Three months ago, at the beginning of March, Joseph Dituri said a last goodbye to the sun and embarked on an ambitious journey of scientific discovery. On June 9, he resurfaced outside of MarineLab in Key Largo after completing a 100-day stay at the Jules Verne Undersea Lodge sitting 30 feet underwater.
He broke the world record for the longest time spent living underwater without depressurization. For Dituri, a Navy veteran and a professor at the University of South Florida, his experience wasn’t merely about winning a title, but about the possibility of conducting crucial research into the potential of hyperbaric, or high pressure, medicine.
Met by a crowd of MarineLab staff, doctors, international reporters, and children and teenagers attending MarineLab’s summer camp, Dituri resurfaced at about 10:30 a.m. Elated from a sense of accomplishment and of thankfulness for the staff of Project Neptune 100, he greeted his onlookers and exchanged hugs with his medical team and operations staff. Driven by his passion for scientific discovery, he had successfully completed one of the most formidable scientific undertakings in recent Keys history.
Throughout his stay, Dituri submitted to dozens of different tests meant to measure the physiological impacts of a high pressure environment. As Dituri’s stay progressed, his medical team began to notice significant changes in his health. His sleep quality had greatly improved, and more than 60% of his sleep cycle, on average, was spent in the rapid-eye movement (REM) stages. He’d exhibited a 30% to 50% reduction in inflammatory markers, a significant decrease in oxidative stress, and an increase in testosterone. He had even grown shorter.
“I used to scrape my head right on the top of the emergency escape hatch, and I can no longer do that,” Dituri said.
Among the most surprising of his discoveries was a drastic decrease in cholesterol levels. During his stay, Dituri’s levels dropped by 72 points. The risk of having a heart attack or stroke had diminished significantly.
“It was something that I would not have expected in any way, shape or form,” he said.
For the next four weeks, Dituri will continue to monitor his health and will potentially prolong his daily measurements if they do not stabilize within that period. He still is not aware of the full extent of the changes, but predicts an increase in stem cell proliferation and telomere length, which can help to reverse the effects of aging as a result of the high pressure environment.
As a professor with a focus on the use of hyperbaric medicine, he hopes his stay will help to solidify the various benefits and uses of the treatment. During and after his decades of naval service, Dituri had seen many of his fellow veterans suffer through traumatic brain injuries, and, in looking for a treatment for these injuries, had turned to the world of hyperbaric medicine. In his stay at the Undersea Lodge, Dituri discovered that many of his predictions regarding the potential of hyperbaric medicine were confirmed.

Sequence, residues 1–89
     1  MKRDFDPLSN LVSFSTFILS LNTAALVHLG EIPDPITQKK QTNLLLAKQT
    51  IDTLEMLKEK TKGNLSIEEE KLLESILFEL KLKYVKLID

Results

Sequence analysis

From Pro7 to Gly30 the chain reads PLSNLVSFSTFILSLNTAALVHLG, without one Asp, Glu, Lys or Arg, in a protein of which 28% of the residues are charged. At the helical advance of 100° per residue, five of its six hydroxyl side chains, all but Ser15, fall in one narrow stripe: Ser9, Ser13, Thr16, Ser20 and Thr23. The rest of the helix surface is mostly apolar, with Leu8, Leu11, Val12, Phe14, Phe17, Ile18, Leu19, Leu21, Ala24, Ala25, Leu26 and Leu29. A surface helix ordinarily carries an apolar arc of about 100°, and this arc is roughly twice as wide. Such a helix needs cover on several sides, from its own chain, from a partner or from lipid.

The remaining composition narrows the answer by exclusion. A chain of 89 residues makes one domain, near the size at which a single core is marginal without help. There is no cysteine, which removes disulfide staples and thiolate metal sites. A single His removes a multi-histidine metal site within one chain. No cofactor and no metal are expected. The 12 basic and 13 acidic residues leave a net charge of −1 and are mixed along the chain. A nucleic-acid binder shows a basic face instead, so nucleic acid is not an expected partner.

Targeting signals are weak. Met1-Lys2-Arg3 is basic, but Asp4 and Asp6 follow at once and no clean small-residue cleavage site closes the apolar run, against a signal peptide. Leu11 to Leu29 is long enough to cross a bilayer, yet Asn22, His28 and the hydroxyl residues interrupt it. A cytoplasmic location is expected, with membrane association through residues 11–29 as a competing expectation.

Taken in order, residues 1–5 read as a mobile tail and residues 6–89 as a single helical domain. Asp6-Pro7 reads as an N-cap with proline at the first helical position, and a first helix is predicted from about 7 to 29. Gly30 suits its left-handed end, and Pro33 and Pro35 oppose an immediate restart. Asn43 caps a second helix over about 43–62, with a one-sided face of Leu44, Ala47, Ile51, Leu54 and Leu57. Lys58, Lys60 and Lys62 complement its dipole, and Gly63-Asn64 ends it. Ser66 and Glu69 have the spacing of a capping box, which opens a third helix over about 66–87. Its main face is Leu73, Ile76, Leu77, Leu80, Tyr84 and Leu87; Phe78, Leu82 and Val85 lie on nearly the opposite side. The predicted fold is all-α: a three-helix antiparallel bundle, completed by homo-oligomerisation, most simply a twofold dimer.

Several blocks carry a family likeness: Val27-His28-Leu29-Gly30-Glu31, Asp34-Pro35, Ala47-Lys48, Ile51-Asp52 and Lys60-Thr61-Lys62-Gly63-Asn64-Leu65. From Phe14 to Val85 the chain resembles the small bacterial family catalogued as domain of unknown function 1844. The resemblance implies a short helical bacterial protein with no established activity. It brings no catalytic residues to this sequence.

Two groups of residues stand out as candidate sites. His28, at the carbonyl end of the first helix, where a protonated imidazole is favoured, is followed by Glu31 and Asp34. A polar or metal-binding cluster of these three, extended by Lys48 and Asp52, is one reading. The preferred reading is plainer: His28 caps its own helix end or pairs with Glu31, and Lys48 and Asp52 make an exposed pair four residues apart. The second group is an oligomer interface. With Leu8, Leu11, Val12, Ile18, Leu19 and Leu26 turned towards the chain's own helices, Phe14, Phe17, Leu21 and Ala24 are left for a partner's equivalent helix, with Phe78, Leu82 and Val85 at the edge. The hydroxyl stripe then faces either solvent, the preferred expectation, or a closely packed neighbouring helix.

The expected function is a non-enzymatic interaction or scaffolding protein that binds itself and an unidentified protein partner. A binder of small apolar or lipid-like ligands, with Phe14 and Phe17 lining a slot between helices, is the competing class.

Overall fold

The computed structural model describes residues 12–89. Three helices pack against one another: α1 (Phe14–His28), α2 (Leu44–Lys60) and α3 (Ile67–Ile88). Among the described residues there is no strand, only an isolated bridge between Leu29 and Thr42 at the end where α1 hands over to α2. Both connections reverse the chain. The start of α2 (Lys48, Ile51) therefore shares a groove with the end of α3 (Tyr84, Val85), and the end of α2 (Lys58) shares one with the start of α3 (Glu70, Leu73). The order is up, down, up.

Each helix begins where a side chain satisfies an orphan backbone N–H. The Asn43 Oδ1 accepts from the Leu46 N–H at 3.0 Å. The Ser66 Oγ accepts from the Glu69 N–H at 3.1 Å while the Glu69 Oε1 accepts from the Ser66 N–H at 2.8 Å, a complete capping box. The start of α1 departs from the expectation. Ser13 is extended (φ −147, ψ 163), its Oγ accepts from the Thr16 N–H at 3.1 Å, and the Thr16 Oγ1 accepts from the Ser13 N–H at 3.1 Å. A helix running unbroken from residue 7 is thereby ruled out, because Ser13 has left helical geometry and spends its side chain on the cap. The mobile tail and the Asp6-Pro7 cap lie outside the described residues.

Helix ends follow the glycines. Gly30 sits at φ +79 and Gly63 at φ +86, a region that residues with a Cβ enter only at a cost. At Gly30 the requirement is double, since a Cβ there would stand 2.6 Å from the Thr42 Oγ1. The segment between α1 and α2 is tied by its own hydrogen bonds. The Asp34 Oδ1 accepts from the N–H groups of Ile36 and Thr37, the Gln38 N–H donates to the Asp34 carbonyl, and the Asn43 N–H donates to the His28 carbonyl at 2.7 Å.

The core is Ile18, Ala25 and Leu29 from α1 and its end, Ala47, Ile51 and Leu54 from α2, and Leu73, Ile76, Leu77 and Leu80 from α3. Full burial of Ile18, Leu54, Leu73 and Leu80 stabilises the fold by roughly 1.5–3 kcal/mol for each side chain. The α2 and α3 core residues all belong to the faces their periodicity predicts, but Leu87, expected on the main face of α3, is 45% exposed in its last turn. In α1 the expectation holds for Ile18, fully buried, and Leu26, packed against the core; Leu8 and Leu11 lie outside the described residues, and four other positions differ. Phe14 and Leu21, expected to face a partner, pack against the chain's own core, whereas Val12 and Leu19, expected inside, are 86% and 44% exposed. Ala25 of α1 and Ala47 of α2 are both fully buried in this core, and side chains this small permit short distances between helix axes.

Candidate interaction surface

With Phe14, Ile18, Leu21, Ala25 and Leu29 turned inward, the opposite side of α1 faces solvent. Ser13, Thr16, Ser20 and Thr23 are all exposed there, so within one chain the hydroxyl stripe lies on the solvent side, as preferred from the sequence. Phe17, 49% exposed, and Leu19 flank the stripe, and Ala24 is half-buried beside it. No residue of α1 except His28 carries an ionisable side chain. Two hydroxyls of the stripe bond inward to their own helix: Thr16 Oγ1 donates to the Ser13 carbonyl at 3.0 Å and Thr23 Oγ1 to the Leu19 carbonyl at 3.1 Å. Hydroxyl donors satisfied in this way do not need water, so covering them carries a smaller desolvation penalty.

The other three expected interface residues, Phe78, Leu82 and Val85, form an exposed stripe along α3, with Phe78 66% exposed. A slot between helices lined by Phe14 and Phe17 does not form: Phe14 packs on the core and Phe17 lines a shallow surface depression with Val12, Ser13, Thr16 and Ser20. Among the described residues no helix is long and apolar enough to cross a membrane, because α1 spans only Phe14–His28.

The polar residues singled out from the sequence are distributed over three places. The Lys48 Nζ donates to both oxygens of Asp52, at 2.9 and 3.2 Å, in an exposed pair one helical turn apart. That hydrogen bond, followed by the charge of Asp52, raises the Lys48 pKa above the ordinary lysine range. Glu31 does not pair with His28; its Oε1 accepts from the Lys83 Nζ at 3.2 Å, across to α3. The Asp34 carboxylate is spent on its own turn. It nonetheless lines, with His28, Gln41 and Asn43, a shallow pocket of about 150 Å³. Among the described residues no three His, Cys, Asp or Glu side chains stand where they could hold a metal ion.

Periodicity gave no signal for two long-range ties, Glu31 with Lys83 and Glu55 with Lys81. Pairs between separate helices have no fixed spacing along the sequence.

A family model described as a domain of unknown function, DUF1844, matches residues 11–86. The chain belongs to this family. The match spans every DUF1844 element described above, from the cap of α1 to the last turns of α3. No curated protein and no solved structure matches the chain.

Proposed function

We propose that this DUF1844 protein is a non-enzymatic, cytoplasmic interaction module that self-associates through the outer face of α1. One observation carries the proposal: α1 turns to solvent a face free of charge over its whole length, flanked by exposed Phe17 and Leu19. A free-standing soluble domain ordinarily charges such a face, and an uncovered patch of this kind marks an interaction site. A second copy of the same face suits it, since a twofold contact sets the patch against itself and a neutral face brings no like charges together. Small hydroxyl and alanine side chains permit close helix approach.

“Hopefully we have solidified for the world the mechanism of action, hyperbaric medicine,” Dituri said. “The several (changes) that I have discovered already, plus an increase in stem cell proliferation, the extending telomere length, the decrease in inflammation, all of that (can help with a) traumatic brain injury.”
Despite the thrill of scientific discovery, Dituri’s experiences during the 100 days could be grueling. Although Dituri’s 28 years in the Navy had accustomed him to long periods of relative isolation, he’d begun to experience strong feelings of homesickness during the latter half of his mission.
“You can only get so much contact out of a video teleconference,” Dituri said. “It’s just not enough; we need physical contact.” Most of all, Dituri grew to miss the warmth and light of the sun. Yet he continued on, encouraged by both the significance of his mission and the unparalleled experience it offered him.
“One hundred days looking out my porthole was wonderful. My friend Fred the lobster, who was outside on the right — I talked about him all the time and all the kids have seen him — he actually got a family and grew up,” Dituri said. “It’s the first time underwater you see this type of stuff, you see a lobster molting for the first time, you go, ‘oh my goodness, I’m actually living in the wild.’”
He was also inspired by the chance to educate students at home and abroad. During his stay, MarineLab set up appointments for him to speak to nearly 5,000 students in 15 different countries. From Ireland to the United Arab Emirates, he spoke to diverse groups of students from his station nine meters underwater. According to Dituri, one of the program’s main goals was to “educate and inspire the next generation of kids.” He received visits from more than 30 students and teachers, who made day-long visits to the Undersea Lodge.
“MarineLab’s (educational experiences) have already had great impacts on our students. Meeting Dituri further adds another layer to that experience,” said Ginette Hughes, the chief executive officer of MarineLab.
Dituri plans to present his discoveries at the International Conference on Science, Engineering & Technology in Edinburgh this September. He plans to continue his research into hyperbaric medicine and his studies in marine science.
“I think that the experience has been very positive, I think that we’ve learned an awful lot from it, and we’ll be able to put that into the next mission, when somebody breaks my record. That’s a challenge to all of you kids out there,” Dituri said. As for now? “Tonight I plan on getting a great cheeseburger and watching the sunset.”